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What Is Bail?

Understanding the Bail Bond Process

When a person is arrested for a crime, the police and the courts will typically want to keep that person in custody to ensure that he or she will show up at any subsequent hearings and stand trial if the case proceeds that far. They want to make sure that the suspect will not flee prosecution for the crime by leaving the jurisdiction. To do see to it that the defendant will be feel compelled to return to court and to remain within the jurisdiction, the judge will most often require the individual to post bail as a condition of securing an early release from jail.

The defendant, a family member or another representative will deposit the bail amount with the court, which will then hold it as security against the defendant’s release. If he or she violates the terms of release, such as by failing to appear in court at a subsequent hearing, the bail money will be forfeited. If, on the other hand, he or she shows up for every required court appearance and abides by any other terms, the money will be refunded in full. The amount of bail is usually set at a high enough amount of money-or personal property of equivalent value-that the defendant will not likely be willing to violate the terms of the release and forfeit the bail.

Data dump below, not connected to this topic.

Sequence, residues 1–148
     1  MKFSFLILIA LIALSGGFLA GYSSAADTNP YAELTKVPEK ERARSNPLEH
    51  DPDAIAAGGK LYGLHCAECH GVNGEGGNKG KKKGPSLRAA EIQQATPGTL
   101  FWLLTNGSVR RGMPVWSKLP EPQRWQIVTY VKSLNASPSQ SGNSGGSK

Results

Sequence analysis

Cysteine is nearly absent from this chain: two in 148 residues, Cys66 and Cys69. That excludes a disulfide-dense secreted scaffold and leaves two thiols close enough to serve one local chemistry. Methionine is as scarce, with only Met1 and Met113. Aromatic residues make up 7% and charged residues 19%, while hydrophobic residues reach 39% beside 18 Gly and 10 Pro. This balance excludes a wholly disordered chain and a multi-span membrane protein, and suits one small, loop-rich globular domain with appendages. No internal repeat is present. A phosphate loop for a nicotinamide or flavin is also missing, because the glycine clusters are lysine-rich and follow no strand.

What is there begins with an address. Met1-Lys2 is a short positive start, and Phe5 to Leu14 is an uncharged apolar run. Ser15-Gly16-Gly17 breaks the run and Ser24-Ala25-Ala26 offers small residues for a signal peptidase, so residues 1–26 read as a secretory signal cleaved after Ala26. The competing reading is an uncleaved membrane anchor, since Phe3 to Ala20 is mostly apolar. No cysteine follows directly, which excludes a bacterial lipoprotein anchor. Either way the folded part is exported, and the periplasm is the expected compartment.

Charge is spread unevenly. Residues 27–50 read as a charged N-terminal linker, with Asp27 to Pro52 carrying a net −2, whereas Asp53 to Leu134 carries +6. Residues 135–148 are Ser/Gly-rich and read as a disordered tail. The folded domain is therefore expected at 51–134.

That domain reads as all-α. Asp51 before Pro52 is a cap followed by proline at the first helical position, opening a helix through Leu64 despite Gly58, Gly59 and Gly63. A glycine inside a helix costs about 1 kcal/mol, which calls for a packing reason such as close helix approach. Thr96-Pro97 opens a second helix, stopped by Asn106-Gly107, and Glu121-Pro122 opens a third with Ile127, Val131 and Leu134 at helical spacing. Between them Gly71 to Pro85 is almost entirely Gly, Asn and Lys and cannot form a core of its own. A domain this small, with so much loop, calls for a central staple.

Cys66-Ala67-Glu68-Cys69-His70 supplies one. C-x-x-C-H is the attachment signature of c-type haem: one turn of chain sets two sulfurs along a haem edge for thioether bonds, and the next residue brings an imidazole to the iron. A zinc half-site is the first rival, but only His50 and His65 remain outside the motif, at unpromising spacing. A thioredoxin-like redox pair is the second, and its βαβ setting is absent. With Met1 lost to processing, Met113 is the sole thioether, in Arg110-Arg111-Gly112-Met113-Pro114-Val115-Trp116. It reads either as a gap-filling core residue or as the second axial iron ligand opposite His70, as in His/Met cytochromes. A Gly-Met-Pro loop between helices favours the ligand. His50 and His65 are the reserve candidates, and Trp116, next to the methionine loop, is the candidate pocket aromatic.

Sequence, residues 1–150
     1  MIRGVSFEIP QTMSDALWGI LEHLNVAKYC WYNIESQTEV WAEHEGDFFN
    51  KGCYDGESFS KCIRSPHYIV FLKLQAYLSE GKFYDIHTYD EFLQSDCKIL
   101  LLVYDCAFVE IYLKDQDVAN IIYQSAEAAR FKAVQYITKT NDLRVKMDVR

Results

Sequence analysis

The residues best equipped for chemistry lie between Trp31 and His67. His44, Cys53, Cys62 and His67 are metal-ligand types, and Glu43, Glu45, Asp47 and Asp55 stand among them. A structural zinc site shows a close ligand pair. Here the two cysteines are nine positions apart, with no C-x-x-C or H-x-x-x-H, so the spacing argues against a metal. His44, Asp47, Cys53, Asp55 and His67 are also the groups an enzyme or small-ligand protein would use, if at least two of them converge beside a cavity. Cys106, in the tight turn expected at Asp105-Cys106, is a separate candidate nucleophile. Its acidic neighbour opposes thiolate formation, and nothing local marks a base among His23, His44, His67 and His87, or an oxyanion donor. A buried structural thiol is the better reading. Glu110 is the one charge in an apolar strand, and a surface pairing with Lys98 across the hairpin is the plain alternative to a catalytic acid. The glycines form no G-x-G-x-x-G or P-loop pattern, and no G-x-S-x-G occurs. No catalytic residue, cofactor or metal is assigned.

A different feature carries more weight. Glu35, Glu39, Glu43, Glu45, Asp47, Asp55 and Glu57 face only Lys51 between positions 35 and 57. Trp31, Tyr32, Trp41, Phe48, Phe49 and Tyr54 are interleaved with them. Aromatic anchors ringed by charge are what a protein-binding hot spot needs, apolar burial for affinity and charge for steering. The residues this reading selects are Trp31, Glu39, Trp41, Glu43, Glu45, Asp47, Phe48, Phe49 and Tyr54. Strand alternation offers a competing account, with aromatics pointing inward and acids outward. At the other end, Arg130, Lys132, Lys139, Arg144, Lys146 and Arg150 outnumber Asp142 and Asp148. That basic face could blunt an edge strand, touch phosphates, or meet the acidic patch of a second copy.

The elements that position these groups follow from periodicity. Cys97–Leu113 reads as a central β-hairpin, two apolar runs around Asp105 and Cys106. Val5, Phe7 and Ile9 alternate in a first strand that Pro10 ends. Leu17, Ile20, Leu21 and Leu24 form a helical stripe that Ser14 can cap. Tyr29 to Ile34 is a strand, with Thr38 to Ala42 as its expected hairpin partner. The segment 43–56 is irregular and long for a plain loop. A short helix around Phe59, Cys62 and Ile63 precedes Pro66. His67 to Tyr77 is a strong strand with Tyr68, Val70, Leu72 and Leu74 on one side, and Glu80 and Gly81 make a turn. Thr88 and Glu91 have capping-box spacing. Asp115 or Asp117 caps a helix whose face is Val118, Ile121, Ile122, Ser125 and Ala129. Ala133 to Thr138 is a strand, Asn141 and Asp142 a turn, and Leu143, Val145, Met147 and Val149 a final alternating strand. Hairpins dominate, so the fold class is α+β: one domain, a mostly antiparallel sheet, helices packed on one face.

For less serious offenses, this is often in the range of hundreds of dollars, but as the severity of the offense increases the bail amount can rise into the thousands, tens of thousands and even hundreds of thousands. In the most serious cases, the judge may even deny bail. There is also the possibility that the judge may grant a release on the suspect’s own recognizance, which is also referred to as a personal recognizance release (O.R. release). In an O.R. release, the suspect simply promises to reappear in court when required to do so.

Your Options for Posting Bail

There are two common approaches to paying the amount of bail and securing a release from custody: you can either pay a cash bail or you can hire a Sarasota bail bond agent. If you choose to pay the cash bail, you will be required to pay the full amount set by the judge, which may involve emptying your savings account, taking treasured possessions to a pawn shop, using a credit card or even borrowing money from friends or family. If you choose to hire a bail bondsman, you will only have to pay a bond premium, which is normally only 10 percent of the full amount. For example, if the bail is set at $15,000, you can either pay the full amount or pay only $1,500. The advantage of the cash bail is that you will most likely get the full amount refunded at the conclusion of the case, but on the other hand you will have to find a way to come up with all the money immediately. By paying a bond premium, you can avoid this difficulty. To learn more about the bail bond process, contact us now at A Way Out Bail Bonds II Inc. We can typically complete all the paperwork in as little as 15 minutes and we are ready to help you now.